Saturday, November 6, 2010

Oops! Did Oklahoma Voters Accidently Outlaw the Ten Commandments?

Remember State Question 544, the one that passed by 70 percent and bans Sharia law as well as the use of other foreign laws in Oklahoma courts? 

The zealots in the state legislature who pushed this measure (such as Rex Duncan, Republican of Sand Springs) may have inadvertently outlawed the Ten Commandants. 

Really. As it happens, the Ten Commandants are, well, foreign. Uh-oh.

CNN asked someone who might know:
Rick Tepker, the first member of the University of Oklahoma School of Law faculty to try a case before the U.S. Supreme Court…called the passage of the measure “a mess” with implications unknown until a case that challenges it arises.
“Many of us who understand the law are scratching our heads this morning, laughing so we don’t cry,” he said. “I would like to see Oklahoma politicians explain if this means that the courts can no longer consider the Ten Commandments. Isn’t that a precept of another culture and another nation? The result of this is that judges aren’t going to know when and how they can look at sources of American law that were international law in origin.”
Come to think of it, the historical foundation for American law is English common law, which is (of course) foreign.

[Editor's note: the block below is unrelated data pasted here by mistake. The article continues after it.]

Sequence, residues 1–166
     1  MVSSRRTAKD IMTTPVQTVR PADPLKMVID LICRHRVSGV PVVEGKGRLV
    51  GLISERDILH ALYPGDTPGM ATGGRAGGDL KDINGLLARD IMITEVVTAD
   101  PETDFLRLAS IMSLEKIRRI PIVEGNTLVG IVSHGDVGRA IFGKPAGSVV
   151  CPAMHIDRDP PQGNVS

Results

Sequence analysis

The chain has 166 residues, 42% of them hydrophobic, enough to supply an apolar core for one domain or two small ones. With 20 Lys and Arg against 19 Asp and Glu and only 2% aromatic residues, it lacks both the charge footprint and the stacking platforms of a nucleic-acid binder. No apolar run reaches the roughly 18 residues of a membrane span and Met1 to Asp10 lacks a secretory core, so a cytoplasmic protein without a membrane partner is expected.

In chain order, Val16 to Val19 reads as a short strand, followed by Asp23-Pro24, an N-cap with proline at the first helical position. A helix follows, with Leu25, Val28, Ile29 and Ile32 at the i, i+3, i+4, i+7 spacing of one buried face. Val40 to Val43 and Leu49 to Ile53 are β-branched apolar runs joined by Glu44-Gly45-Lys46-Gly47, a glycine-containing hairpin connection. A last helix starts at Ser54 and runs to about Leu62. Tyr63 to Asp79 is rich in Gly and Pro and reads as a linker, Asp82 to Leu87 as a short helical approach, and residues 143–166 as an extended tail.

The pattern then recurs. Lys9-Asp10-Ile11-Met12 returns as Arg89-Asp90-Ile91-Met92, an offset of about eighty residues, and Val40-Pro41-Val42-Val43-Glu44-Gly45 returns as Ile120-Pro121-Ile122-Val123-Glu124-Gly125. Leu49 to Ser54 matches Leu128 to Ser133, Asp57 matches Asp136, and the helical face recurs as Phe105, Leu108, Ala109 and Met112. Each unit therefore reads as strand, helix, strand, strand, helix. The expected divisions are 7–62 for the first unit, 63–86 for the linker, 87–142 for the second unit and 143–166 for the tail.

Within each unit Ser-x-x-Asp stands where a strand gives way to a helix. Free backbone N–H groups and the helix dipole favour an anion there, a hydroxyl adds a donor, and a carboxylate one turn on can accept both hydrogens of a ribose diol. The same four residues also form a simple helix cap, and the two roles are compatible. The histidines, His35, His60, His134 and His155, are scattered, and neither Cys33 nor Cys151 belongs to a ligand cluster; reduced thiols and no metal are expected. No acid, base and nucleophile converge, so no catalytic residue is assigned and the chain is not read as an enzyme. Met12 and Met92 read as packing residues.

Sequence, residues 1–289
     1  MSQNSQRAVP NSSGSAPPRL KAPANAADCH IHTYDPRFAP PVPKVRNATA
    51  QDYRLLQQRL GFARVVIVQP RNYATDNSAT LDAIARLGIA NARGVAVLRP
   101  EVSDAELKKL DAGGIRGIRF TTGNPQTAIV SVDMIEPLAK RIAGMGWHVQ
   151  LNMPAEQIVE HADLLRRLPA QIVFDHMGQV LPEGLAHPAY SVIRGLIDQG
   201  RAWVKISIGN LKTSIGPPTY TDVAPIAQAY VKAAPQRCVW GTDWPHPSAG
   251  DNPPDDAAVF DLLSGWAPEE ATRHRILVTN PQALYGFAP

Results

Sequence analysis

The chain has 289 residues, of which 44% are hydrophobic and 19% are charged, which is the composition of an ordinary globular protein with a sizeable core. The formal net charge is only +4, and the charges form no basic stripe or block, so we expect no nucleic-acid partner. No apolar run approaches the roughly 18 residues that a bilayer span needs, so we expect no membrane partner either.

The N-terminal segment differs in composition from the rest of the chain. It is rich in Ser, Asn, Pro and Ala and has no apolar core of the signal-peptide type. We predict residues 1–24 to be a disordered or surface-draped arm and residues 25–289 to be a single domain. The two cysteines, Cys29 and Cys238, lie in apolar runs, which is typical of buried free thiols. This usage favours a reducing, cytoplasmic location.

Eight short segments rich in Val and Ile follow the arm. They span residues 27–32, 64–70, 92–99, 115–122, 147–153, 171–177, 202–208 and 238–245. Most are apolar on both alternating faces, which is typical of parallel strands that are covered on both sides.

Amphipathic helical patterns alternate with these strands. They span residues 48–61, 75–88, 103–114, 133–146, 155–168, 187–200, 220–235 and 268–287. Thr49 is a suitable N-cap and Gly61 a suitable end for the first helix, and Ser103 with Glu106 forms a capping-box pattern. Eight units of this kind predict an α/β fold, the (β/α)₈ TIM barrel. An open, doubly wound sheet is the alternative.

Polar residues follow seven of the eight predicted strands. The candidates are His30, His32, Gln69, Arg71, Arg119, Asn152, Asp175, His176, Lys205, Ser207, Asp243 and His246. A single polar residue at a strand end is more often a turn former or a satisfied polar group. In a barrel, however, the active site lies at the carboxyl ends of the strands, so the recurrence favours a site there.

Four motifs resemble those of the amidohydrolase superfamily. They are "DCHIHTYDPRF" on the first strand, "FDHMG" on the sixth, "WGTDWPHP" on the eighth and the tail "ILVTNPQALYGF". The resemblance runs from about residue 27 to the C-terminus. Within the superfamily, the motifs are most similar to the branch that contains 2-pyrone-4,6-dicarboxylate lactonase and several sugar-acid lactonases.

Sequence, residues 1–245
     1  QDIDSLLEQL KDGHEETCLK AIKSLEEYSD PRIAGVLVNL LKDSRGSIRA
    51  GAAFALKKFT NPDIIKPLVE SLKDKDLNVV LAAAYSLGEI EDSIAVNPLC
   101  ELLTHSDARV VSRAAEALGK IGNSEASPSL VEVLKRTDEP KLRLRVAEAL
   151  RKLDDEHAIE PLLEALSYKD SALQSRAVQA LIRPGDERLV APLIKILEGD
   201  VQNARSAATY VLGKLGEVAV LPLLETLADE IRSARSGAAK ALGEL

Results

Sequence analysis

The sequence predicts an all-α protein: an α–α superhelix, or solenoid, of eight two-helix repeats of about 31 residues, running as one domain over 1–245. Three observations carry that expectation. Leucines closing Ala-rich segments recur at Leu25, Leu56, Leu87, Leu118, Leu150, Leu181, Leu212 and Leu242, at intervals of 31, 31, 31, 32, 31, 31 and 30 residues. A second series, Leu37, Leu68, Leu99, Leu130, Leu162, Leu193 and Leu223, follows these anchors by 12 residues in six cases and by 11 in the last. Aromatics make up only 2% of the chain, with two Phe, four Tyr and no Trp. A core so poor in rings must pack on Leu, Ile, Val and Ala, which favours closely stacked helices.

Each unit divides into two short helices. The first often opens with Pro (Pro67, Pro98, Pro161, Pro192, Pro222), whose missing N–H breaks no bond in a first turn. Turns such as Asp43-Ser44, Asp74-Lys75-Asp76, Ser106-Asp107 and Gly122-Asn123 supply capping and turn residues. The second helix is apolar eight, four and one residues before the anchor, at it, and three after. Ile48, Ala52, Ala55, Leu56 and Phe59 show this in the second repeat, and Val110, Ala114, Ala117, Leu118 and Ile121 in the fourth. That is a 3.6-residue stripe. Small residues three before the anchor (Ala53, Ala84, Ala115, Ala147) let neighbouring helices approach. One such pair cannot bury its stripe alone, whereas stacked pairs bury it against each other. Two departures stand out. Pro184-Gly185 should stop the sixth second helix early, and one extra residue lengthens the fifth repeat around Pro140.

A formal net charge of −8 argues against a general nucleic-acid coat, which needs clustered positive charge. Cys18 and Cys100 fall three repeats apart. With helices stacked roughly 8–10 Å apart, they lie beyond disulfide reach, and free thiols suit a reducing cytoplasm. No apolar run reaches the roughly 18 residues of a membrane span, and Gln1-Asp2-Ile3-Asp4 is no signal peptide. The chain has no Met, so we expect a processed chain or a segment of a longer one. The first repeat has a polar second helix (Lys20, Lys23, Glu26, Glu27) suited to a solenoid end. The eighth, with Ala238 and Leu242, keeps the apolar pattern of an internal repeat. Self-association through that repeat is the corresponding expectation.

In short, Prof. Tepker may be right—this is a mess. The full story is here.


TedTheCat said...

Lots of questions are raised by this poorly drafted xenophobic law, assuming that it is not struck down as unconstitutional:

Are "Christian mediation" clauses in employment contracts now invalid?

Are all mediation and arbitration clauses in contracts now invalid?

Are "choice of law" clauses in international business agreements now invalid, and if so, what economic impact would that have?

Tulsan said...

Just another dumba$$ bill designed to get out the right-wing vote.

Stephen Colbert:

"[In] Oklahoma, voters overwhelmingly approved state question 755 [to ban Islamic Sharia law], one of the most important initiatives in their state's history. This is great news. Just because something doesn’t exist doesn’t mean you shouldn’t ban it. That's why I have long fought for ballot measures to ban cat pilots, baby curling, and man-futon marriage."